Indicators of SES have consistently been found to have an inverse relationship to cardiovascular death and all causes of mortality. Several studies have supported the concept that SES may have a greater impact on mortality than traditional risk factors. The interaction between ethnicity and SES is difficult to untangle. In the US, Blacks and Hispanics have lower mean incomes and a greater percentage of their populations are at or near the poverty level. Mortality differences may be explained by differences in risk factors, access to healthcare, environmental factors, psychological stressors, behavioral factors, and other yet to be understood factors.

Challenges of Ethnicity-based Research

Studies involving ethnic groups present many challenges beyond the association of cause and effect between biologic risk factors and outcomes. These challenges include classification of groups, clarification of financial status, and access to healthcare, as well as social and behavioral issues. Of note, there are no universally agreed on or commonly instituted methods of classifying race in the US. For example, many studies have used self-reported race or ethnicity to analyze groups, knowing that many people classify themselves as more than one ethnicity, i.e. African-American and Hispanic. This suggests that most classification schemes are oversimplifications. Addressing the complexity of the situation, the US Census now has more than 100 combinations of race and ethnicity from which a respondent can select.

Artificial social subgroups may have as many differences within them as between them. These differences may involve genetic, financial, social, environmental, psychological, behavioral, and personal differences. These factors, which studies may not account for, might influence medical outcomes at the level of patient choice, patient-provider interaction, access to healthcare, or through overt or subconscious racism. In short, race/ethnicity has a complicated interaction with many other factors regarding cardiovascular outcomes and presents many challenges to research in this area. Despite the inherent challenges, it is important to undertake research designed to identify and eliminate the disparities in cardiovascular outcomes through the early diagnosis and appropriate treatment of CAD. Stress myocardial perfusion imaging provides one strategy to accomplish just such a goal.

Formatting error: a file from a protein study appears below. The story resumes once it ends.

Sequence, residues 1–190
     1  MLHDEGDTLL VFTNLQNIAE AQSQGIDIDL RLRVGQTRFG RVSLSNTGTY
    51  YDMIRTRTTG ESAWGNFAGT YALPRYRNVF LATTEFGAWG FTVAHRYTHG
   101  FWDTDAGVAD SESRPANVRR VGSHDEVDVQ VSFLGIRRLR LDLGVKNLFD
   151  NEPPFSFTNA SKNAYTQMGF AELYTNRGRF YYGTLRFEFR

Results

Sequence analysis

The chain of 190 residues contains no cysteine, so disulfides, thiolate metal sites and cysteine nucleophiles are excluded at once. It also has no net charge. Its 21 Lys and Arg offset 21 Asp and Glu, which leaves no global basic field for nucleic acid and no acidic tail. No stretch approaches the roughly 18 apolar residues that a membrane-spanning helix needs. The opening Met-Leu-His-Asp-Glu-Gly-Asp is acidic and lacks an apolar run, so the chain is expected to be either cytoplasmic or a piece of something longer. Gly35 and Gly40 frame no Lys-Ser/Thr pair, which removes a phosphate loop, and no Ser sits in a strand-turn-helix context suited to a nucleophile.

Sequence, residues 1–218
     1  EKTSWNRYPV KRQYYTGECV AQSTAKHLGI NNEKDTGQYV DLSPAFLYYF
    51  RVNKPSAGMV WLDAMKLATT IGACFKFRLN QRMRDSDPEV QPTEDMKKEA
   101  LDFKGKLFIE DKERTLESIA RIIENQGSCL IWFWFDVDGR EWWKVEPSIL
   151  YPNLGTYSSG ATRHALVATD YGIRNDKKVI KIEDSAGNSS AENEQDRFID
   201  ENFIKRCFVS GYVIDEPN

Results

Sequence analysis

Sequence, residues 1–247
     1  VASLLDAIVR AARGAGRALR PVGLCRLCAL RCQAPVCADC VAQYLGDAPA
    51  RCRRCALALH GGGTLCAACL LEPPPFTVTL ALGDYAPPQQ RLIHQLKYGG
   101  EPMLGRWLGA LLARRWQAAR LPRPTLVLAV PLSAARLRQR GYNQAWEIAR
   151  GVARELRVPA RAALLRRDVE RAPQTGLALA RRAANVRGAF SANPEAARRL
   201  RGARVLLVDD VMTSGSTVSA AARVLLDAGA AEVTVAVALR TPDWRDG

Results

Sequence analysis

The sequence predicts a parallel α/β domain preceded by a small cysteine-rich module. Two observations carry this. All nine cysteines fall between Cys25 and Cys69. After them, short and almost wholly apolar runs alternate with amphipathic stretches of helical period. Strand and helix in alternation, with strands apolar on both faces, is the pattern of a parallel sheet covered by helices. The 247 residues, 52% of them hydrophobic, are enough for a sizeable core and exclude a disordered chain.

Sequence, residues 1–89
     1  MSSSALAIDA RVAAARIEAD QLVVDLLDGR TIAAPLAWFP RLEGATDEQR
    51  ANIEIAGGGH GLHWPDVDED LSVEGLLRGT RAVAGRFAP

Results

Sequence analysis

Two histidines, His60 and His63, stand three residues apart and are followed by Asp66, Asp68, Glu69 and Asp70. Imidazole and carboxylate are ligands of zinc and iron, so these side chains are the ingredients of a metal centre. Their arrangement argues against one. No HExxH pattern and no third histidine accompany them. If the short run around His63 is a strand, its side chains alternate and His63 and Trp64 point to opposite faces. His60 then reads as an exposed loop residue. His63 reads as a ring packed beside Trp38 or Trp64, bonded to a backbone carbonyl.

Identification of CAD

The tremendous number of patients affected by CAD has driven the development of effective, non-invasive methods to identify and risk-stratify patients with CAD. The premise behind this identification is the appropriate application of treatment strategies to individual patients to prevent future events, i.e. death or myocardial infarction (MI). Historically, exercise treadmill testing (ETT) with electrocardiogram (ECG) monitoring has a sensitivity of 50% to 70% and a specificity of 60% to 80%; relatively low accuracy for the detection of such a substantial disease. Stress MPI represents an advancement beyond ETT with improved sensitivity (81% to 84%) and specificity (87% to 91%) and has become an important means of evaluating patients with known or suspected CAD.

Benefits of MPI

MPI has been demonstrated to be a powerful indicator of future cardiac events with a high diagnostic accuracy for CAD. Specifically, MPI is valuable in assessing risk for MI and cardiac death, evaluating myocardial viability, as a to guide future therapy, and for pre-operative risk assessment. The incremental value of single photon emission computed tomography (SPECT) MPI beyond clinical information and stress ECG data has been demonstrated in patients at intermediate-to-high risk. In addition to the general population, SPECT MPI has been validated in diabetic patients, women, following MI or revascularization, in the setting of acute chest pain, and in those unable to exercise, or with left bundle branch block.